“Something you appreciate now that you don’t have it anymore.”

When I first read this prompt, one answer came to me immediately and I dismissed it.  No, that’s not right, I’m meant to be digging deeper and finding something very different than one my first instinct was.  I bounced it around in my mind for a few more days before deciding that I should have just gone with the first response.  First instincts are first instincts for a reason, usually because they end up being right.

So here it is, not deep or earth-shattering or soul-changing but the truth, as I see it right now anyway, for whatever that matters.

The thing that I appreciate now that I don’t have it anymore is…my boobs.

I know, probably not what you were expecting but it wasn’t what I was expecting the answer to be either, until I realized it was.

Growing up I was never particularly well-endowed.  I always looked on with envy at the girls who started wearing training bras early in high school while the most I could justify was a camisole.  I soon realized that was to be my lot in life and tried to focus on the positive.  They never got in the way when I was playing sports.  I never had to worry about embarrassing wardrobe malfunctions when out with my friends.  I never had to worry that a boy liked me “just because” of what I looked like.  To be perfectly honest, for most of my high school career I was skinny, shy, and possessed the holy trifecta of teenage wallflowers – the perm, the braces and the glasses.  If a boy was going to like me at all it was definitely going to be more about what was going on on the inside.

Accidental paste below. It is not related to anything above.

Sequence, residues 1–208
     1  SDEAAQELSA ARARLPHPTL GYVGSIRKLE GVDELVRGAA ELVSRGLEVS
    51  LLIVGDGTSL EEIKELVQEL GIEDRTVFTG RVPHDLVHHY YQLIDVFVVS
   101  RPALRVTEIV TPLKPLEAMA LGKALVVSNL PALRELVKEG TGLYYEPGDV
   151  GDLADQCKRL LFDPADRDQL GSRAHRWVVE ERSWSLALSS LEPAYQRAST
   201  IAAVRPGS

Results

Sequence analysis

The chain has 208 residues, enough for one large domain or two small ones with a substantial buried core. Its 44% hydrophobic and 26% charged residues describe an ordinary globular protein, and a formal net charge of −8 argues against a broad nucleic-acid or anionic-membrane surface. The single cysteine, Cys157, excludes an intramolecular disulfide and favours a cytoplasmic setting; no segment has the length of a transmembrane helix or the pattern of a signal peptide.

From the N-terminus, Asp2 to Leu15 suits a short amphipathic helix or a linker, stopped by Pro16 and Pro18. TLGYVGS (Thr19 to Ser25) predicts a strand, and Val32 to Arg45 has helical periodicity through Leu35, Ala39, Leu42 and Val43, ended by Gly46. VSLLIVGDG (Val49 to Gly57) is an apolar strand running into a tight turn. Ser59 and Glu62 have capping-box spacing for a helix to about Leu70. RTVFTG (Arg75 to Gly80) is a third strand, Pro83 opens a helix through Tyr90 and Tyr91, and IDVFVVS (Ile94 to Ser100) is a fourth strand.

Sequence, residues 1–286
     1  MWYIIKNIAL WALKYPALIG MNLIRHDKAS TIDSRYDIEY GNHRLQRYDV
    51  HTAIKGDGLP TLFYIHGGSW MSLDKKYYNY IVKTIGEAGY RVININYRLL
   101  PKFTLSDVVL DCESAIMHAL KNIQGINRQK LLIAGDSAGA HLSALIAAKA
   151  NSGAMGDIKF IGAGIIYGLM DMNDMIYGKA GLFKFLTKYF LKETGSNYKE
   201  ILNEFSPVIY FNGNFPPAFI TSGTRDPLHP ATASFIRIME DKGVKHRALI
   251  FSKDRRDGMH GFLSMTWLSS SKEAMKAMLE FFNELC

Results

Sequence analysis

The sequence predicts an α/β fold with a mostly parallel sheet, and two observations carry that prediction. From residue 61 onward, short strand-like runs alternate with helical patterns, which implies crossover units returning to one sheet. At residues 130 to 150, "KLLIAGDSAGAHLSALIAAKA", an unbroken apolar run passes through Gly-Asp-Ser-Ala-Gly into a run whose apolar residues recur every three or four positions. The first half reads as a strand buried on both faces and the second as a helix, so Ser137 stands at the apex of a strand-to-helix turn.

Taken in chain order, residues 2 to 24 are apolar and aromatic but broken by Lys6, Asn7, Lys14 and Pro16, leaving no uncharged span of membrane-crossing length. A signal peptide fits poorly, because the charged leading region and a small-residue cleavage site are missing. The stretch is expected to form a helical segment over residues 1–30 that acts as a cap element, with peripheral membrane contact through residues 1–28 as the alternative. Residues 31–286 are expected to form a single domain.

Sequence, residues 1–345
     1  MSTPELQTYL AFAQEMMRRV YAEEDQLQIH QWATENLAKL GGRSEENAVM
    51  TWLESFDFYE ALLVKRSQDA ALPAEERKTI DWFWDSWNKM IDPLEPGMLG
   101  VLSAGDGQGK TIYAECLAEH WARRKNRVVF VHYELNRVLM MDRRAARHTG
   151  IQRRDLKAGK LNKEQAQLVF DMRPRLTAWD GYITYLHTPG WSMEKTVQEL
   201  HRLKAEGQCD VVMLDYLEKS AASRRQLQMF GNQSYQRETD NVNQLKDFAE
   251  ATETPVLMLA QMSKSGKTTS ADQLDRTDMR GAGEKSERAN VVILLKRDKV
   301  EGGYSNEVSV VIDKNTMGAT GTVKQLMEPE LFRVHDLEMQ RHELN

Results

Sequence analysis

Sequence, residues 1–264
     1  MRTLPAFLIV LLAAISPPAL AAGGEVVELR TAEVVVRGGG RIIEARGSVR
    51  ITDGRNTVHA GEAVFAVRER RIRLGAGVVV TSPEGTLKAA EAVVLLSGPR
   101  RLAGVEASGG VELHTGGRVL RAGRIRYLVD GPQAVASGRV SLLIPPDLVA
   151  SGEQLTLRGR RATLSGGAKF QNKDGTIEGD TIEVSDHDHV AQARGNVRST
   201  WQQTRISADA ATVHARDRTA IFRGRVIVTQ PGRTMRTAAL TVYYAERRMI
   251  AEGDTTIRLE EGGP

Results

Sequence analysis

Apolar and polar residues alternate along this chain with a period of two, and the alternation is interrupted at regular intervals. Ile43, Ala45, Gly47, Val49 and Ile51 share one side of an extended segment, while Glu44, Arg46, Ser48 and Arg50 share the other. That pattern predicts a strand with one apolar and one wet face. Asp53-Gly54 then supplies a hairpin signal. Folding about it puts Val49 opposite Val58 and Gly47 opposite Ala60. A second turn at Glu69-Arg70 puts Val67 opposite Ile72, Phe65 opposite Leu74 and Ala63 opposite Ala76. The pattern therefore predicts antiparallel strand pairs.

As I grew up, I ditched the perm, the braces and the glasses and slowly began to come into my own.  Well-endowed I would never be, but I was a comfortable B.  Nothing crazy but I was proud of them in their own little way.

Then I got pregnant and the world decided to provide me with what I had always dreamed of but was afraid to wish for…a solid C.  It was wonderful, so wonderful that I hardly noticed the growing belly that went along with them.  I was just so excited.  I could fill out tops that I’d only dreamt of wearing before and was actually more willing to be seen in a bathing suit than at any other point, expanding waistline be damned.

But, of course, as with so many other aspects of pregnancy and birth, I was not provided with the whole story.  I didn’t realize my beautiful C’s were not mine to keep, but were, in fact, only on loan. And the payment for my blissful year and a half as a woman with a “decent rack” was actually far higher than I ever expected.  When they went, they also took with them the beautiful B’s they had once been, leaving me with the chest of my previously 13-year old self.

I went through the process again when I had my second child, only this time I appreciated every minute they were mine because I knew how fleeting it was.  I wore tops that were perhaps a touch low-cut and maybe a tad bit tighter than they needed to be because I knew, soon enough I would be back into the land of push-ups and padded bras, faking what used to be there for real.